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Referring a Student to Counselling


To help guage which service to refer to, see the helpful graphic for guidance.

Staff who come into contact with students, whether they be academic tutors, departmental secretaries, ancillary staff, residential tutors or welfare advisers have a capacity to impact on the wellbeing of students. Basic tenets of effective support include being 'appropriately available' i.e. being clear about the boundaries of your particular role. It may be useful to spend time listening to a student but knowing when to refer them to someone more appropriate is just as essential. For guidance on supporting students, check out this helpful e-learning package, introduced by the Actor and Presenter, Alexander Armstrong: http://learning.cwmt.org.uk 

Considering referring a student to the University Counselling Service

Many concerns presented by students can be usefully dealt with during, for example, a general discussion or a tutorial. However, there are some circumstances where it may be appropriate to refer the student on to the Counselling Service. Guidelines include:

  • if you feel out of your depth with the level of distress being presented to you*
  • if a student is taking up (what feels like) too much of your time with personal issues
  • if you begin to act as something other than your role suggests

*Sometimes a student may present to you in significant distress, or may be talking about, for example, feeling so overwhelmed that they are talking about wanting to 'end it all'. It is very important to remain calm to contain the distress in these situations. It may be helpful to check out the intention of this sort of statement: often people may use this expression when distressed, but they have no intention to act on this, and, when asked, are able to make this clear. If they are experiencing these sort of thougths, do refer them to the counselling service to work this through, and when they call to book after they have registered, you can suggest they request an early appointment if they wish (we run an EAO list (Early Appointment Opportunity) for people who are willing to be contacted to take up an appointment at short notice to use any appointments that may be cancelled). If, however, in the more rare situations, you have concerns that there is serious and imminent threat to personal safety, then you may need to take action. Seek out the guidance of the senior tutor (or equivalent) in your department and make sure you get suppport to take this forward. See the options of emergency contacts, both within the university and external resources; you may also like to contact the University Mental Health team for further guidance. It is important to note that you are not bound by confidentiality in these situations.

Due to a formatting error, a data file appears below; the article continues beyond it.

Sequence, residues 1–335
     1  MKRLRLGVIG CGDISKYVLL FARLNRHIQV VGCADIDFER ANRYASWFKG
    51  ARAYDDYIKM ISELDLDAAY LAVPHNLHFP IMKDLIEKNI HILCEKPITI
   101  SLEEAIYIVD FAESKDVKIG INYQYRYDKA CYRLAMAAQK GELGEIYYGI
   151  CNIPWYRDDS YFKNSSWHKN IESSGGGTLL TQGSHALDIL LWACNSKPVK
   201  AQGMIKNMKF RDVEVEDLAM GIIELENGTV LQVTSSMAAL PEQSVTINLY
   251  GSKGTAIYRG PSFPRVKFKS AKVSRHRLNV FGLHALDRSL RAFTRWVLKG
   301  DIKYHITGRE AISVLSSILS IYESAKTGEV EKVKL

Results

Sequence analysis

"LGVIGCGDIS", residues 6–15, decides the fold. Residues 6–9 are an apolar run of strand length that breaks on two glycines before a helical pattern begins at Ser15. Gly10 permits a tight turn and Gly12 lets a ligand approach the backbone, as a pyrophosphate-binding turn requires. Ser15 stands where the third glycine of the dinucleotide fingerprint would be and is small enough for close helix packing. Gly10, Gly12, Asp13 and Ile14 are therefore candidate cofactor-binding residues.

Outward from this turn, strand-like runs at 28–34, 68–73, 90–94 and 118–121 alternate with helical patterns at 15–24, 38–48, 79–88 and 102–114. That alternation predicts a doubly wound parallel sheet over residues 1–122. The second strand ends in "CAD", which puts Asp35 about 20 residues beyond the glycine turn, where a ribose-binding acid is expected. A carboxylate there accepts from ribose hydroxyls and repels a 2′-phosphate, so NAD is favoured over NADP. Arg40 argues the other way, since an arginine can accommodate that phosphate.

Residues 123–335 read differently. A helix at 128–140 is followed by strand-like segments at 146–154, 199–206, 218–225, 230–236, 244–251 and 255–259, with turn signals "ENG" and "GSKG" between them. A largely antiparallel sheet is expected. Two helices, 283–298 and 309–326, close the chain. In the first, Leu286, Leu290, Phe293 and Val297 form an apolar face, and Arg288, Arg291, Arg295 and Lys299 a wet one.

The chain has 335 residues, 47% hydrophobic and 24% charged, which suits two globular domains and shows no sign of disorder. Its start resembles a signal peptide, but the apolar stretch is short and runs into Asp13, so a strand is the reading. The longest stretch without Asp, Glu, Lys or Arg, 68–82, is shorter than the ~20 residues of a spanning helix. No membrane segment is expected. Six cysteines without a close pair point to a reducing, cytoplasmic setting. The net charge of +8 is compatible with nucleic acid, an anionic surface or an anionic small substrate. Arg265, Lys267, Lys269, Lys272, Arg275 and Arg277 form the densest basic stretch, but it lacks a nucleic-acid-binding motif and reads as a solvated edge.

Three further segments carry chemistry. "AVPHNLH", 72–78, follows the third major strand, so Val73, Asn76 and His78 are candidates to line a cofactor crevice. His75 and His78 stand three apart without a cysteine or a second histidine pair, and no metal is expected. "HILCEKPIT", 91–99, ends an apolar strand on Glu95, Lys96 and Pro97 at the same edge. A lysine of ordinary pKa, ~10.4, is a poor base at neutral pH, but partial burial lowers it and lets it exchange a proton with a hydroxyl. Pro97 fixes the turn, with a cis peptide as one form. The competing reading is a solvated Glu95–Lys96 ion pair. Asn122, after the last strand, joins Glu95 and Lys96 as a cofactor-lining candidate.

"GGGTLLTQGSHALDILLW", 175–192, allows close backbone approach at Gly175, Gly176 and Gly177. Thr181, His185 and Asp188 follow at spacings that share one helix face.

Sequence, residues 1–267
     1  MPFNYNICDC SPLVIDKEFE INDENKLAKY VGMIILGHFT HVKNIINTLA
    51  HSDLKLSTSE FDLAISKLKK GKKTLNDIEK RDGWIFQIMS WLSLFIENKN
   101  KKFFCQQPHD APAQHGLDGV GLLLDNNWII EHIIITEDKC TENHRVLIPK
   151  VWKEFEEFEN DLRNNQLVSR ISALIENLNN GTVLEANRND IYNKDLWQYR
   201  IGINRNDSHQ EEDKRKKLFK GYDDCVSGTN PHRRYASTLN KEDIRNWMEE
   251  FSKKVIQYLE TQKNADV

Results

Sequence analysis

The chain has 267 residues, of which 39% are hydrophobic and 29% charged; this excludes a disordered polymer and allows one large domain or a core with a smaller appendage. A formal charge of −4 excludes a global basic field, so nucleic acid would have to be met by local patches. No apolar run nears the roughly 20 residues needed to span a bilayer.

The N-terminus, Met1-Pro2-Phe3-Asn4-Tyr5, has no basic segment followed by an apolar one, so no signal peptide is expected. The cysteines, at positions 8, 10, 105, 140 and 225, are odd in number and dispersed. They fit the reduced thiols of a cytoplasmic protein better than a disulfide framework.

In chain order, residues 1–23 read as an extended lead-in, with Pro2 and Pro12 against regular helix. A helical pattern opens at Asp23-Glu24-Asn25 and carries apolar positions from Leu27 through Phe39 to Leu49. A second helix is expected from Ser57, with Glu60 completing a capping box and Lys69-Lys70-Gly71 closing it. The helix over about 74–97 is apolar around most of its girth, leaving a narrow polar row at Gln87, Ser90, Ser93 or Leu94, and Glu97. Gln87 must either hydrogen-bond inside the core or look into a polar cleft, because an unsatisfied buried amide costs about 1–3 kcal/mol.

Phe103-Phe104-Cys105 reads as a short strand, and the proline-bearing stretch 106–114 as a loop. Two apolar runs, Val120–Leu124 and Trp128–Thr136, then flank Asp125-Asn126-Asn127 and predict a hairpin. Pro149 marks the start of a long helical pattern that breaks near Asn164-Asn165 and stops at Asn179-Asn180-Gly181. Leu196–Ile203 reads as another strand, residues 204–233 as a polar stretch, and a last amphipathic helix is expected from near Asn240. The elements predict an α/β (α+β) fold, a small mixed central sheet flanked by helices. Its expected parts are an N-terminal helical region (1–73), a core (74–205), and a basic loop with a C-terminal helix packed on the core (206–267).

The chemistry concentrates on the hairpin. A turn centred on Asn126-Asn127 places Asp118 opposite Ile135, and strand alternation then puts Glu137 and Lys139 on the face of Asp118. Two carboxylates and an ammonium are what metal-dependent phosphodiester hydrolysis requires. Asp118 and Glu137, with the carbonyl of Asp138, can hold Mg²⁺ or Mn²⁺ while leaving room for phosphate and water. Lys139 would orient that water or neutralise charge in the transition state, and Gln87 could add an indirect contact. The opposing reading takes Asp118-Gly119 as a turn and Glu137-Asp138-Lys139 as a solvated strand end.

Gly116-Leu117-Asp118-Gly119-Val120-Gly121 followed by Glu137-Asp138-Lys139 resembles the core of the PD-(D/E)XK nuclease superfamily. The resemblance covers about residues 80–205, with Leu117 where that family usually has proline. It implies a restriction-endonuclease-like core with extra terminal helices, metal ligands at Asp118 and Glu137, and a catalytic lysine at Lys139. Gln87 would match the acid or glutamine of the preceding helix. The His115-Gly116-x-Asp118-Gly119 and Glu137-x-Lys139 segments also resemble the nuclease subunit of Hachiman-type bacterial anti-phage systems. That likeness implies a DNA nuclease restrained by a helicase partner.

The counselling service offers a comprehensive range of resources to invite students to consider:

The issues dealt with by the Counselling Service include, for example, depression, anxiety, eating disorders and self harm, loss and bereavement, self- esteem/confidence matters, relationship difficulties, transition stress, abuse, sexual issues, academic stresses and psychiatric situations including suicidal thoughts and intentions. The rates of severity range from mild to extremely severe.

Referring to the University Counselling Service

The referral process may begin with a member of staff introducing Counselling Services to the student concerned. It is important to present the suggestion positively. Being aware of what the Counselling Service can offer is useful when making referrals as appropriate information can then be passed on to students. Suggesting students look at the Counselling Service website can be useful in helping them to decide which of the range of resources may best suit them. Students are encouraged to approach the Counselling Service themselves as a measure of their commitment to engage in the counselling process. Please encourage students to prioritise attending appointments - it can be better for them and it also ensures we can streamline our services - missed appointments extend the wait time overall.

NB For face-to-face individual counselling, an appointment may not be immediately available. Students are invited to register and then use our call-to-book system to arrange their appointment. There is a time clock on the website which is updated weekly showing the anticipated turnaround time.

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